The E-Commerce Summer Slump: Myth or Not?
With the summer vacation coming in full swing, there is plenty to look forward to. The sunny days of summer have inspired shoppers to get out of their homes. Between vacations, summer camps and numerous outdoor activities, consumers are less inclined to spend their time perusing online stores.
On that note, summer can be viewed as one of the most challenging seasons for e-commerce businesses. The summer slump happens when businesses experience a fall in customers, sales or engagement during the summer. Retailers experience lower conversion rates, low customer engagement and high cart abandonment in the months of June, July and August.
We did a deep dive into the peaks and troughs of e-commerce sales, particularly in the United States and United Kingdom markets through the years, from the pandemic-stricken world in 2020 to what we call the current ‘new normal’ era. Is the e-commerce summer slump real? How has the holiday season influenced consumers’ spending habits? Let’s find out!
The Holiday Season Calls for Higher in-store Shopping Rates
As the vaccination rate improves and regulations continue to loosen up, brick-and-mortar stores are going to be a lot busier than a year ago, as shoppers’ anxieties around venturing out of the house have eased considerably. The National Retail Federation stated that it anticipates nearly 2 million more people will shop offline during the holiday season. There has also been a consistent decline in e-commerce ratio sales to overall sales in the third quarter from 2018 to 2022 in the UK. In June 2021 itself, we saw a 1.1% dip in e-commerce sales ratio between the second and third quarters – higher than the original 0.3% estimated by experts.
The Big E-Commerce Summer Slump: A Myth?
One of the most pervasive e-commerce narratives is the credence that online shopping growth takes a dip during the summer months. On a global scale, e-commerce traffic tends to experience a 30% decline between July and September each year before increasing again in the run-up to other major e-commerce events like Black Friday. This can be attributed to several reasons such as seasonal changes in weather that impacts buying behavior as well as vacation and summer activities.
However, the onset of Covid-19 has resulted in a dramatic shift in consumer behavior, with a whopping 67% of consumers reporting that they shop differently now. In-person interaction has dramatically changed or been supplanted by digital engagement, as reported that 75% of consumers who have tried online shopping intend to continue this behavior post-pandemic. Furthermore, as observed in regions like Europe, the gloomy state of the economy has resulted in slowing growth coupled with rising inflation.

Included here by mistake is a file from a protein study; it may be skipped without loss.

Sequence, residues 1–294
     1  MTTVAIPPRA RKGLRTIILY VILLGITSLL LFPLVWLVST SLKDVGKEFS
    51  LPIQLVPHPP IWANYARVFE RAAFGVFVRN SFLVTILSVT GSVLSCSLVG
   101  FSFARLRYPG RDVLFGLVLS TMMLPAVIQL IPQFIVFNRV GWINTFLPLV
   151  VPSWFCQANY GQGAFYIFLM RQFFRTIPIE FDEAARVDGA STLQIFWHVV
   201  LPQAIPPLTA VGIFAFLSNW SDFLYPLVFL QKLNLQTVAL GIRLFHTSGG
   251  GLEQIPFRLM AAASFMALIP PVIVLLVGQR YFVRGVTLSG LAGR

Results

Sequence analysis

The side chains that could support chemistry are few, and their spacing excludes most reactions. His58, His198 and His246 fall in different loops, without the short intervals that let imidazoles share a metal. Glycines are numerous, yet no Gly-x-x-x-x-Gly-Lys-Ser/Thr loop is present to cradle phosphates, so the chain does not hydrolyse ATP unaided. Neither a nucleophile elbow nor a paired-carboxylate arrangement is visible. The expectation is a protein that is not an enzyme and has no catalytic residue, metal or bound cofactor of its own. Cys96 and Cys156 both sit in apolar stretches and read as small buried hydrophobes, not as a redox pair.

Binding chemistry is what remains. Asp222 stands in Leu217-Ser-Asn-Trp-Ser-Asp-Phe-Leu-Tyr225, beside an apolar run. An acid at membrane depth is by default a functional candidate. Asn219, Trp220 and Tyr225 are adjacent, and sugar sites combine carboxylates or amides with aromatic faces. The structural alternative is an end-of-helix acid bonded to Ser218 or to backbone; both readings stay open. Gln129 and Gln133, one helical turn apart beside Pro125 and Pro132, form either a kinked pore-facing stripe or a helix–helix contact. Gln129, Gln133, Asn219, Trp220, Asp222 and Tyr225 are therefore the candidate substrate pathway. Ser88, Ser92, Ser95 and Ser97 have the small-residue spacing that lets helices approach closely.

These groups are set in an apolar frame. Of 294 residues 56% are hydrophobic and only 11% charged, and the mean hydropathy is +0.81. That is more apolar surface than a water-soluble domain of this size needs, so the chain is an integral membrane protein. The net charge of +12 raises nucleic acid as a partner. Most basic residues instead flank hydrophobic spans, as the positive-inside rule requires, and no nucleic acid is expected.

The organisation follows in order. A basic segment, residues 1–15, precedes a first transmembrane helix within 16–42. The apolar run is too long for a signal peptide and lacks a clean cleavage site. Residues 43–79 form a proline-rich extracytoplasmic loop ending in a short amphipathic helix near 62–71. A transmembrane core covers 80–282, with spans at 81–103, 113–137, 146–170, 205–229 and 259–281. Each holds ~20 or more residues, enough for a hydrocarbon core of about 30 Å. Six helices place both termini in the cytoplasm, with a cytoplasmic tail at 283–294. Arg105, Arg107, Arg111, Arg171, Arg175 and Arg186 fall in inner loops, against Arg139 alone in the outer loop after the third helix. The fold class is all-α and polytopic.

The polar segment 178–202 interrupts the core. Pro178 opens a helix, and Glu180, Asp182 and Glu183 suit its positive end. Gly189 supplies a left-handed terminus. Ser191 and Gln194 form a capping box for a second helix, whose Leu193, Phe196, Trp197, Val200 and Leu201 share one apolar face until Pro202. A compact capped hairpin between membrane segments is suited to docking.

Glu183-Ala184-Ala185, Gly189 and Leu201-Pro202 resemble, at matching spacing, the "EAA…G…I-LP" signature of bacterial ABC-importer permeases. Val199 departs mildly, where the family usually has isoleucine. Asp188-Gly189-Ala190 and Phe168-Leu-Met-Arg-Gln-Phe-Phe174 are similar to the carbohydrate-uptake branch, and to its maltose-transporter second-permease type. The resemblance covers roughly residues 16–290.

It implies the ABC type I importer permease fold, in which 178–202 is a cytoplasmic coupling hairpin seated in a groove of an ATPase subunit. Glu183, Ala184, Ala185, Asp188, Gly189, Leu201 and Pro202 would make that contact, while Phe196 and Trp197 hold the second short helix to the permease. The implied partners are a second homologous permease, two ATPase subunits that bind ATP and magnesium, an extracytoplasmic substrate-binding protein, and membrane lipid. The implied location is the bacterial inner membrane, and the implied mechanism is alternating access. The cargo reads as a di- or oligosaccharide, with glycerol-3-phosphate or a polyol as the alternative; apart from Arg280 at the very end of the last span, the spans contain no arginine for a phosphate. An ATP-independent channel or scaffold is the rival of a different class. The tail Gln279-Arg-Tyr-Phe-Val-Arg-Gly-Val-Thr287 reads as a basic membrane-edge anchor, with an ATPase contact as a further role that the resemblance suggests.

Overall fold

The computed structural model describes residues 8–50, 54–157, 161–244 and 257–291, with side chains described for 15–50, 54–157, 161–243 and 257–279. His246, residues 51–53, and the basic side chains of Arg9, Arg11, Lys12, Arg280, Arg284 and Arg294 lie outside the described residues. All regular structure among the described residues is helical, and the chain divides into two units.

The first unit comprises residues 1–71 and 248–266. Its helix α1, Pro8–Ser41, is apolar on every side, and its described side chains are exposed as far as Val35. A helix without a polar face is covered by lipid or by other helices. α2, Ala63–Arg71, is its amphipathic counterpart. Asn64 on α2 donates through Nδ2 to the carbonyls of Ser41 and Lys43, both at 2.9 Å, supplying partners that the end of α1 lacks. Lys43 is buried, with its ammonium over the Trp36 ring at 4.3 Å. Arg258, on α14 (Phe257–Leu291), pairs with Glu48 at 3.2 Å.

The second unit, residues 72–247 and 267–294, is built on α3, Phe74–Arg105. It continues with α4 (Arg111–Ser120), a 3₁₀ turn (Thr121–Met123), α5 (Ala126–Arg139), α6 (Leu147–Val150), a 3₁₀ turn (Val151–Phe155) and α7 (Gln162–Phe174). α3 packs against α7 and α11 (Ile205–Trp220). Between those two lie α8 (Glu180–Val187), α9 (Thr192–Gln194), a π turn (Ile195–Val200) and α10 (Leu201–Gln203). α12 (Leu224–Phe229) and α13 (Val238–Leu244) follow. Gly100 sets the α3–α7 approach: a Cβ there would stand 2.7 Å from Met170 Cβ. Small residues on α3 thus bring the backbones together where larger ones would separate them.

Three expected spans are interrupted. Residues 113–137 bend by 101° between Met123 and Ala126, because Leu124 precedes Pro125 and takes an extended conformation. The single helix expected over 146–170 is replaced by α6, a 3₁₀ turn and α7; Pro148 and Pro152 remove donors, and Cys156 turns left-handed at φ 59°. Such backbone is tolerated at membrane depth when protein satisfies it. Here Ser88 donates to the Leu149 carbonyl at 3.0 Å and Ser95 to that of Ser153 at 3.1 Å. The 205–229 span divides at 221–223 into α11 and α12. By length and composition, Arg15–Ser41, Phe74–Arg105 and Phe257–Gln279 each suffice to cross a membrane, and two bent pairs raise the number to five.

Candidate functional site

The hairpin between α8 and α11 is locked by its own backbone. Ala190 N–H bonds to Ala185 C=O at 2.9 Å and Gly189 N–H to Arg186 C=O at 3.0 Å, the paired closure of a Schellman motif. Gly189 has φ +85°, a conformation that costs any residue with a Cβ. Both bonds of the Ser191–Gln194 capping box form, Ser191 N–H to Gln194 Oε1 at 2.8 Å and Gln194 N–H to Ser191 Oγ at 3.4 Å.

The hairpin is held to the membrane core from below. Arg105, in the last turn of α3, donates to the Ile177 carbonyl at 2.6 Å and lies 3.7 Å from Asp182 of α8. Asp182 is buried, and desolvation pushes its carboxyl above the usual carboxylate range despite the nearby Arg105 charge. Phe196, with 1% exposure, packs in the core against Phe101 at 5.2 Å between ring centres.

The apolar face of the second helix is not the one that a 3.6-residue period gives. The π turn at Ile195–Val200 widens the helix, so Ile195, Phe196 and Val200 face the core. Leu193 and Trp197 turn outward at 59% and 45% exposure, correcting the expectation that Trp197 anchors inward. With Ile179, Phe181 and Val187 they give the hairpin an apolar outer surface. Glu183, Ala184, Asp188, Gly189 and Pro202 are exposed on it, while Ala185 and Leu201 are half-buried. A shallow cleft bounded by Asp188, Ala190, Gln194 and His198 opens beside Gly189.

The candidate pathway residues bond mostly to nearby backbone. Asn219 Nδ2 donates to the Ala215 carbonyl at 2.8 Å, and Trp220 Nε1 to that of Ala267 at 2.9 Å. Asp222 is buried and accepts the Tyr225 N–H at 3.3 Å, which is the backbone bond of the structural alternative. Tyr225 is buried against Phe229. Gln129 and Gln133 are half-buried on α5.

Consumers are now experiencing lower purchasing power and hence, more inclined to search for cheaper alternatives and deals that online retailers are able to offer compared to brick-and-mortar stores. With that being said, the summer of 2022 can be seen as a unique period, as consumers adjust to the hybrid way of shopping. Fashion (64.1%), consumer electronics (63%) and groceries (49.3%) continue to be popular product categories that are being purchased online according to a Qubit survey of UK and US consumers. Nevertheless, shopping trends change but pandemic behaviors are here to stay as e-commerce sales continue to grow, expecting to hit $7.391 trillion by 2025
New Opportunities in a Reimagined Environment
As we ease our way into the post-pandemic world, we can expect new precedents and shifts in consumer behavior and e-commerce growth rates. The last two years were unique for e-commerce retailers as we faced multiple lockdowns and social distancing regulations.
Having said that, summer does not have to be a snooze fest for e-commerce companies. Businesses can continue to review and adjust their e-commerce strategies to adapt to the turbulent times. For instance, we have observed the rising trend of omnichannel strategies embarked by major e-commerce companies like Amazon and Walmart that blend physical and online channels to engage consumers in the channel of their choosing. The rise of ‘hybrid shoppers’ can be observed as consumers will likely shift between shopping online and in stores to make the final purchase decisions.
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